Although, there is not much to sightsee in Sakleshpur, it makes for a good short stay if one is willing to spend time with oneself amidst nature.

Finding a place in the lap of nature, beholding the undulating landscape of the Western ghats, with not a soul in a sight, made our weekend getaway even better! We could unwind away from the humdrum of the city and could truly drift away in the clouds of Sakleshpur.

Tips:
Route taken from Bangalore: ORR- Tumkur Road- NH-48 – BM Road- Sakleshpur

Monday, May 2, 2016

Ajanta Ellora - A journey back in time

Ajanta-Ellora was on my to-do list from a long time and the Marathwada heat hovering above 40 degrees did not deter us this time and we decided to go ahead with it this summer vacation. :D

We arrived in Aurangabad at around 8 am and checked in Hotel Gurjas (known as Hotel Oberoi then). Hence we could not start off early to beat the heat. We; however, had a quick breakfast in a nearby restaurant and started off in our booked taxi at around 10 am. It took around 45 minutes to reach the Ellora caves from our hotel.

Ellora Caves

The Shrine of Buddha
Ellora caves, also known as the ‘Verul Leni” are rock-cut caves located about 30 kms from Aurangabad. These 34 caves excavated from the vertical face of the Chandragiri hills, are actually Hindu, Buddhist, Jain temples and viharas carved out between the 5th and 10th century. There are 17 Hindu, 12 Buddhist and 5 Jain caves in close proximity to each other, reflecting the religious harmony of that era.


These caves are considered an epitome of Indian art and sculpture demonstrating extraordinary execution skills. Some cave structures like the Kailash temple complex are so complex that they required several generations of planning and co-ordination to take them to completion.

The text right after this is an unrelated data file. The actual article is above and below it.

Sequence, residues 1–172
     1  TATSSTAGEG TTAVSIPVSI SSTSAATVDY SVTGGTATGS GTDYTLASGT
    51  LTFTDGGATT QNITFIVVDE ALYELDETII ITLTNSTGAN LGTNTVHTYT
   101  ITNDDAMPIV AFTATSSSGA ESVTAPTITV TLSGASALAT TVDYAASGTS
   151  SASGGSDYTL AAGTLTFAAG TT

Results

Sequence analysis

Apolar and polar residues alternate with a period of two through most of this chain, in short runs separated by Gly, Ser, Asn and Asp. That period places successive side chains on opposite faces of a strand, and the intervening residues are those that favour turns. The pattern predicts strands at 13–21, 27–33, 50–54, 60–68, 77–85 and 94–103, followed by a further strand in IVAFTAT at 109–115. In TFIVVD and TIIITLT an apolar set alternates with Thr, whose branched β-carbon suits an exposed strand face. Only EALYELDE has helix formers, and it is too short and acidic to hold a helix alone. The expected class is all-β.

The entrance ticket for this UNESCO World Heritage Site is at a modest Rs 10 per person for Indian citizens. I wanted to hire a guide for seeing the caves but was disappointed with the unprofessional attitude of the  guides there. One of the guides actually refused to speak in Marathi and said that he can only explain in English! I found that rather hilarious. All of them refused to give us time to photograph the place! In the end, we bought a information book and started exploring the caves ourselves.


We started off with the Kailash temple (cave #16), which is remarkable for its sheer size, and architectural beauty. As the name goes, it is a Shiva temple within a multi-storeyed temple complex. It was carved out of a single rock, leaving the visitors today spell bound imagining the sheer amount of planning, work and co-ordination required over generations to bring the temple to completion. The two-storeyed gateway led us to a courtyard which houses the main lingam and the nandi. It took us close to 2 hours to just see this particular cave-temple.